In conjunction with Pursuit of Salvation: Jain Art from India, join curator Robert del Bonta for a virtual conversation with Dr. Siddharth Bhansali, who loaned works from his collection to the exhibition.
Dr. Robert J. Del Bontà, guest curator of Pursuit of Salvation: Jain Art from India, for a virtual tour of the exhibition currently on view at NOMA. Dr. Del Bontà is an independent scholar of Indian art, who received his Ph.D. from the University of Michigan in 1978. Since that time he has published numerous articles, contributed to many scholarly publications, and curated major exhibitions for the Berkeley Art Museum, the Portland Art Museum, and the University of Michigan Museum of Art, among others.
About Pursuit of Salvation: Jain Art from India
The Jain faith has been continuously practiced in India since at least the sixth century BCE. Nonviolence, a respect for all living beings, and the belief in the existence of a permanent soul whose true nature is obscured by accumulated karma are core principles of Jainism. As in Buddhism, the goal of Jain practice is to end the cycles of rebirth (samsara) and attain liberation from all suffering. This is accomplished through rigorous devotion to ascetic practices and the elimination of human passions and attachments.
Jains pay homage to the founders of their faith, the twenty-four Jinas (conquerers) the last of whom was Mahavira (c. 599–527 BCE). Over time, there came to be two primary sects in Jainism: the Shvetambaras, whose monks wear white robes, and the Digambaras, whose monks reject all possessions, including clothing. Artists clearly identify the figure’s affiliation, and represent the Jinas in one of only two positions: seated in meditation, or standing in the kayotsarga (body abandonment) pose. The latter is a visualization of the Jina’s liberation from human attachments and emotion.
Created over a period of more than fifteen hundred years — the second through nineteenth centuries — the sculptures, paintings, and manuscripts on view in this exhibition of works loaned from the collection of Dr. Siddharth Bhansali illuminate iconographic and stylistic change as well as regional variation.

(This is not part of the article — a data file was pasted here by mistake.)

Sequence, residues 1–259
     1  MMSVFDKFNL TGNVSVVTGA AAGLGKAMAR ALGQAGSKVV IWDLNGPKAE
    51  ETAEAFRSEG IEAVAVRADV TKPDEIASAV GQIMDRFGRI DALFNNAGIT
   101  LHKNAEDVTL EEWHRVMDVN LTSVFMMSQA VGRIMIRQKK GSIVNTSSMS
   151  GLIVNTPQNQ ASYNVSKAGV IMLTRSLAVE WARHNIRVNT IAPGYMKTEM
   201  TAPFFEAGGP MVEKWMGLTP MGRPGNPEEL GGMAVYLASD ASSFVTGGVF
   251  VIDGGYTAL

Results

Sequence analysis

Education and outreach initiatives at NOMA are supported in part by the Zemurray Foundation; the Lois and Lloyd Hawkins Jr. Foundation; The Helis Foundation; The Gayle and Tom Benson Foundation; The City of New Orleans; IBERIABANK; The Wagner Foundation; Janice Parmelee and Bill Hammack; the Diversifying Art Museum Leadership Initiative, funded by the Walton Family Foundation and the Ford Foundation; Sara and David Kelso; Patrick F. Taylor Foundation; Dr. Scott S. Cowen; The RosaMary Foundation; The Azby Fund; the Louisiana Division of the Arts, Office of Cultural Development, Department of Culture, Recreation & Tourism, in cooperation with the Louisiana State Arts Council and the National Endowment for the Arts, a Federal agency; The Collins C. Diboll Private Foundation; Burkenroad Foundation; Marian Dreux Van Horn Education Endowment; The Andrew W. Mellon Foundation; Ruby K. Worner Trust through the PNC Charitable Trusts Grant Review Committee; The Harry T. Howard III Foundation; New Orleans Jazz & Heritage Festival and Foundation, Inc.; Harvey and Marie Orth; The Bruce J. Heim Foundation; and Mrs. Bennett A. Molter, Jr. This project is supported in part by the National Endowment for the Arts.